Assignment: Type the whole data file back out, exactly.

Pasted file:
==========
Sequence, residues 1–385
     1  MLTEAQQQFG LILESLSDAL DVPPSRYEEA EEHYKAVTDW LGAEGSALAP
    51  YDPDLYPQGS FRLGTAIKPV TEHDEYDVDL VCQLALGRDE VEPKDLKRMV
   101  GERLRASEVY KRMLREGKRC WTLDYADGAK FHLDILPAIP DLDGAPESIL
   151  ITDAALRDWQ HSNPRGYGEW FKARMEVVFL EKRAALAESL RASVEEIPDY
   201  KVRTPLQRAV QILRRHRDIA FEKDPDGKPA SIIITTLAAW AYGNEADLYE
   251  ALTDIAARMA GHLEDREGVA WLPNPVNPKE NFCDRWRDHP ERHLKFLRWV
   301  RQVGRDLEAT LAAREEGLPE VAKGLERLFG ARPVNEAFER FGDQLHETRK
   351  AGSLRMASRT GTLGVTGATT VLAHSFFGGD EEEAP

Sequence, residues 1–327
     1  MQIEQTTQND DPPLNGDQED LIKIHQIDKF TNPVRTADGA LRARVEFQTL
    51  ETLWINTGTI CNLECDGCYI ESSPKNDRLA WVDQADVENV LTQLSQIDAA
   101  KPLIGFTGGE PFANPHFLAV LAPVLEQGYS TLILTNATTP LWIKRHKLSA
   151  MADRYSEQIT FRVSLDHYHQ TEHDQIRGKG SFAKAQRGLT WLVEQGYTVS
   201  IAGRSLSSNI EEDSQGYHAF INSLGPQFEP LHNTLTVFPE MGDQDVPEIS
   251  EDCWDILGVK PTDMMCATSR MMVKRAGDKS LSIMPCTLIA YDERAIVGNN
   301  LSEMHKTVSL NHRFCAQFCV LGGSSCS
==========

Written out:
Sequence, residues 1–385
     1  MLTEAQQQFG LILESLSDAL DVPPSRYEEA EEHYKAVTDW LGAEGSALAP
    51  YDPDLYPQGS FRLGTAIKPV TEHDEYDVDL VCQLALGRDE VEPKDLKRMV
   101  GERLRASEVY KRMLREGKRC WTLDYADGAK FHLDILPAIP DLDGAPESIL
   151  ITDAALRDWQ HSNPRGYGEW FKARMEVVFL EKRAALAESL RASVEEIPDY
   201  KVRTPLQRAV QILRRHRDIA FEKDPDGKPA SIIITTLAAW AYGNEADLYE
   251  ALTDIAARMA GHLEDREGVA WLPNPVNPKE NFCDRWRDHP ERHLKFLRWV
   301  RQVGRDLEAT LAAREEGLPE VAKGLERLFG ARPVNEAFER FGDQLHETRK
   351  AGSLRMASRT GTLGVTGATT VLAHSFFGGD EEEAP

Sequence, residues 1–327
     1  MQIEQTTQND DPPLNGDQED LIKIHQIDKF TNPVRTADGA LRARVEFQTL
    51  ETLWINTGTI CNLECDGCYI ESSPKNDRLA WVDQADVENV LTQLSQIDAA
   101  KPLIGFTGGE PFANPHFLAV LAPVLEQGYS TLILTNATTP LWIKRHKLSA
   151  MADRYSEQIT FRVSLDHYHQ TEHDQIRGKG SFAKAQRGLT WLVEQGYTVS
   201  IAGRSLSSNI EEDSQGYHAF INSLGPQFEP LHNTLTVFPE MGDQDVPEIS
   251  EDCWDILGVK PTDMMCATSR MMVKRAGDKS LSIMPCTLIA YDERAIVGNN
   301  LSEMHKTVSL NHRFCAQFCV LGGSSCS